A non-profit organisation, Educo Africa, started a campaign to encourage young people to become active citizens, by making their mark in the local government elections, on Wednesday August 3.
Young people who are part of Educo Africa, set up a group, called Making Local Government Work (MLGW), which, came up with a campaign, Swing Your Vote, to encourage their peers to vote.
Campaign director Siphelele Chirwa said that this year alone, South Africa experienced a number of violent protests, and many times, young people would be involved in these protests.
“The number of youth participating or showing interest in the upcoming local election is on the decrease. To curb this, the campaign, which is designed by MLGW members, is aiming at creating a safe space for public dialogue and to engage on issues affecting them, and finding ways of engaging or communicating with local governance for the betterment of communities .
“The campaign looks at how young South Africans understand democracy, and while they participate in the democratic process, what are other ways they can occupy and be active in the decision-making spaces. As the Freedom Charter stipulates, ‘the people shall govern.’ The Swing Your Vote campaign gives youth voice a space and action to take back democracy, as protected by the Constitution,” Ms Chirwa said.
The MLGW members have been working in five communities in Cape Town, which include Langa, Kraaifontein, Khayelitsha, Delft and Hanover Park.
On Saturday July 23, the group were at Mount View High School in Hanover Park.
Said Ms Chirwa: “We have a one-month programme of events taking place in the communities, followed by workshops, and follow-up after the elections. At these events, we hold dialogues and encourage the youth to vote – and beyond that – to hold those they vote for accountable.”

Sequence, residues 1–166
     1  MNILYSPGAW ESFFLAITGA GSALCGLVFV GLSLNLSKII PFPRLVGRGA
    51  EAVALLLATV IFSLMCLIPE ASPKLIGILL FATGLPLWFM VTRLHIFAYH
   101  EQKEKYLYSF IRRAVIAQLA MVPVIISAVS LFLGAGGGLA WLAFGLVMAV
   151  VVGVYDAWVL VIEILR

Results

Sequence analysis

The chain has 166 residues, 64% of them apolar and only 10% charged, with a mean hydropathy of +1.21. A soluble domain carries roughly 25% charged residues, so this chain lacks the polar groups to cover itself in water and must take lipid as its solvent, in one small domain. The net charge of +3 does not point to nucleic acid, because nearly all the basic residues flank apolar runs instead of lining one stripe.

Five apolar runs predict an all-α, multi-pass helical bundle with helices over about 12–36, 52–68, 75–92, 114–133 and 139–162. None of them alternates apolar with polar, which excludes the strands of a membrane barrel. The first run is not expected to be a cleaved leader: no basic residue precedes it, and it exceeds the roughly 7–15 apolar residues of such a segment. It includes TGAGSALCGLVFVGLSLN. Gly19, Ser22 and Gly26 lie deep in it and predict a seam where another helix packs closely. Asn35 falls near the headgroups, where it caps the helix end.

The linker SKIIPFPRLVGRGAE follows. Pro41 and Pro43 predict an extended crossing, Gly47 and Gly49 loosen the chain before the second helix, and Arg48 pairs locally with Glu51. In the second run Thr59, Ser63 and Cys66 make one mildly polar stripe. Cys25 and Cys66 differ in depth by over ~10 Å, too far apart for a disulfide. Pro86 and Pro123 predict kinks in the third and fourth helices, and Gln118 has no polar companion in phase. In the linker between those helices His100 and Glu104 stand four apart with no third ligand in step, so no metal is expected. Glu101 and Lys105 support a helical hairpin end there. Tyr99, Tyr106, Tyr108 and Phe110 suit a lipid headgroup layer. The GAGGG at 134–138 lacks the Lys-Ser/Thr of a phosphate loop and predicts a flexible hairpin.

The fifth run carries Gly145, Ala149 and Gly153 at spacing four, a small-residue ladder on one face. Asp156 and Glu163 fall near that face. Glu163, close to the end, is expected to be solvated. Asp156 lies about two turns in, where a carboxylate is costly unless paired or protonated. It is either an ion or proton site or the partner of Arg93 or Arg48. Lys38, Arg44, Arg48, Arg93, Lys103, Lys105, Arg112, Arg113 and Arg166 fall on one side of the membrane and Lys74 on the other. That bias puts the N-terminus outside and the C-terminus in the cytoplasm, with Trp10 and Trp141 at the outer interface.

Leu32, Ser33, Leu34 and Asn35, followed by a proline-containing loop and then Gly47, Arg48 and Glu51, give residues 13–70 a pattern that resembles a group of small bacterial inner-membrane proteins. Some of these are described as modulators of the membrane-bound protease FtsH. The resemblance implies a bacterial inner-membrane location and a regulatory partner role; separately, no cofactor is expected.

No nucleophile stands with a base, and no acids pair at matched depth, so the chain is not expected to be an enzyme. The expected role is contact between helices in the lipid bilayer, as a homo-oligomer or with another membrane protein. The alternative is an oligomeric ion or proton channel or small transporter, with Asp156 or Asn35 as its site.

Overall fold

Joleen Meyer, 19, from Hanover Park, said this would be her first opportunity to vote, and although she had not planned to vote, attending the workshop made her change her mind.
“The reason why many people do not vote, is because they cannot see the change in their communities. The politicians, on the other hand, keep on fighting, and it seems we cannot put our trust in them,” Joleen said.
Dean Scheepers, 22, wanted to know why there are so many political parties if they all have the same goals.
“How are we expected to trust politicians, when they themselves, don’t trust one another. I feel there is too much fighting among politicians and nothing’s happening in our communities.
“All of the politicians speak about Nelson Mandela, but it seems nobody is prepared to do the work like Mr Mandela did,” Dean said.
Anele Wondo said as a researcher, she had found that democracy was about voting, not houses or special grants.
“If we are not going to vote, it does not mean that corruption will be gone, or that new policies will not be adopted. We are the government. If you are not delivering, I need to hold you accountable. We should be active citizens. I am voting because I want to be part of the decision-making process. Not voting is not a solution. We must also ask ourselves, what legacy we want to leave for younger children.”